First Session: July 11, 1732 - August 8, 1732
Second Session: March 13, 1732-33 - April 12m 1733
Convention: March 19, 1733/34 - March 25, 1734
Edward C. Papenfuse, et al., Archives of Maryland, Historical List, new series, Vol. 1. Annapolis, MD: Maryland State Archives, 1990.
Edward C. Papenfuse, et al., A Biographical Dictionary of the Maryland Legislature, 1635-1789, Vols. 1&2. Annapolis, MD: Maryland State
Archives, 1985.a - appointed; c - Council (Upper House); d - died; dcl - declined; dns - did not serve; ds - dismissed; e - elected; ev - election voided;
pres - president of the Senate; pres p. t. - president pro tem of the Senate; psa - post-session appointment; psd - post-session death;
psr - post-session resignation; r - resigned; s - suspended; spkr - speaker of the House; spkr p.t. - speaker pro tem of the House;
(D) - Democrat; (R) - Republican.
|Charles Calvert, d-cv1
William Holland, dns, d-2
Philemon Lloyd, d-cv
Matthew Tilghman Ward
Edmund Jennings, a-2
Samuel Ogle, a-2, pres-2, r-cv1
Robert Gordan, ev, e-1,2 ds-cv3
|Anne Arundel County
Daniel Dulany, ds-cv3
John Beale, ds-cv3
John Mackall, spkr
Ephraim Augustus Herman, dns, d-1
|Prince George's County
Ralph Crabb, d-cv
|Queen Anne's County
|St. Mary's County
Levin Gale, ds-cv3
1. The proprietor Charles Calvert, 5th Lord Baltimore, arrived during the winter of 1732 and assumed the office of governor. Ogle, formerly the governor, was appointed and sworn to the Council on March 21, 1732/33. He was listed in the first position of the Council and Upper House before Charles Calvert (the councilor), who had previously held that position. Ogle used the title of president in correspondence during his term on the Council and in the Upper House. He reassumed the office of governor on June 20, 1733. After the death of Charles Calvert (the councilor) in February 1733/34, John Hall assumed the first position on the Council and in the Upper House.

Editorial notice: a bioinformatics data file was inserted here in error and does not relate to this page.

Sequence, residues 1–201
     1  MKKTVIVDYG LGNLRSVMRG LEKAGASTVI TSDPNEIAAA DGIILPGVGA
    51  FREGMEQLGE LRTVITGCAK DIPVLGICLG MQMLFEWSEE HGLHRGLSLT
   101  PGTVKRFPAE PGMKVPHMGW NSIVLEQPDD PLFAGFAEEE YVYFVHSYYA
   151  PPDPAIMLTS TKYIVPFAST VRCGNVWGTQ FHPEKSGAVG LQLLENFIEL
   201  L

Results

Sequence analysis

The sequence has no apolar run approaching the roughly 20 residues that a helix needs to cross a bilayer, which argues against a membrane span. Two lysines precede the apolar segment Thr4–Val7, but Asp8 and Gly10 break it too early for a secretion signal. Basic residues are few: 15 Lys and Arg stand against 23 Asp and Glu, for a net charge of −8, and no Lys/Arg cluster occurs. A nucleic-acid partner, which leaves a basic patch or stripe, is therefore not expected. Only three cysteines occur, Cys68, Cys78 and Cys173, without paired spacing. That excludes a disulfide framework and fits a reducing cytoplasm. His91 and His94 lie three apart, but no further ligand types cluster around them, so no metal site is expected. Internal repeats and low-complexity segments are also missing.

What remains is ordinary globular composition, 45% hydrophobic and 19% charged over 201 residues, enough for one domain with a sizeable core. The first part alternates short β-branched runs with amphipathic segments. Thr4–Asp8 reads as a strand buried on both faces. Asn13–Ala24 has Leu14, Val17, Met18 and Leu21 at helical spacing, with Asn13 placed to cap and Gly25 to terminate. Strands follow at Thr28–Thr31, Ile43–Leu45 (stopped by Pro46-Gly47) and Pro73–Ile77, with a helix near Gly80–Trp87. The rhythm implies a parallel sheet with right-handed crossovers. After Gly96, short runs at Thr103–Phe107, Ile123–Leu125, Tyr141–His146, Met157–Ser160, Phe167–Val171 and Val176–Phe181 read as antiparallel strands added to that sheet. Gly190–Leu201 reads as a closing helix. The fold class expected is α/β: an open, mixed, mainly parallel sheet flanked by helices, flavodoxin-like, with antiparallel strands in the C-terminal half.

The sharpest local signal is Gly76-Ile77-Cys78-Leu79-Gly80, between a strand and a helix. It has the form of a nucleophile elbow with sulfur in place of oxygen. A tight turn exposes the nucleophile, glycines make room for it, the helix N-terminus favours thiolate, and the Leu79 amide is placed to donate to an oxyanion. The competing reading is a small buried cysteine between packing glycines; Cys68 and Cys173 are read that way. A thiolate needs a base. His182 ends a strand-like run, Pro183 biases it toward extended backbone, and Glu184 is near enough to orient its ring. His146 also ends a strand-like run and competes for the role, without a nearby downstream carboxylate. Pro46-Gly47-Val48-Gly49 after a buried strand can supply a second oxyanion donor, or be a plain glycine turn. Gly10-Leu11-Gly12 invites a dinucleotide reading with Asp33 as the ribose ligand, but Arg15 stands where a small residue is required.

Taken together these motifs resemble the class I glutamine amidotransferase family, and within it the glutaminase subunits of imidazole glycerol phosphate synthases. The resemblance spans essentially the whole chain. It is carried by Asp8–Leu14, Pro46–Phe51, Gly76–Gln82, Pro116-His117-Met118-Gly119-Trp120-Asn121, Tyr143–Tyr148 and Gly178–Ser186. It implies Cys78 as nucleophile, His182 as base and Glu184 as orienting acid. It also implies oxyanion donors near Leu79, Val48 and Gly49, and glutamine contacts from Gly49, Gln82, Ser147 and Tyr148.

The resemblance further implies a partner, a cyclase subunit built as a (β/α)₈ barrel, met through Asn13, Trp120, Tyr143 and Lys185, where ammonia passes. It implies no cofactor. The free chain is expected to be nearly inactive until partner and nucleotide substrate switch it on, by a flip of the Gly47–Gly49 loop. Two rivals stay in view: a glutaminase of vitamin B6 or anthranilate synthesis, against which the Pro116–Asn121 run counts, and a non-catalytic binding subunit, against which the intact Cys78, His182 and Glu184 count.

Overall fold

2. Robert Gordon and Vachel Denton received an equal number of votes in the original election. Although Gordon was declared the winner and appeared in the Lower House as one of the Annapolis delegates, the election was disputed. On July 19, 1732, it was determined that Gordon had not been duly elected because of improper procedures. Gordon, however, won the subsequent election and was requalified one week later on July 26, 1732.
3. Dulany, Beale, Gale, and Gordon were discharged by the Lower House
on March 25, 1734, for receiving places of trust and profit from the government
after their elections. Governor Ogle then dissolved the entire Assembly
in objection to this action.
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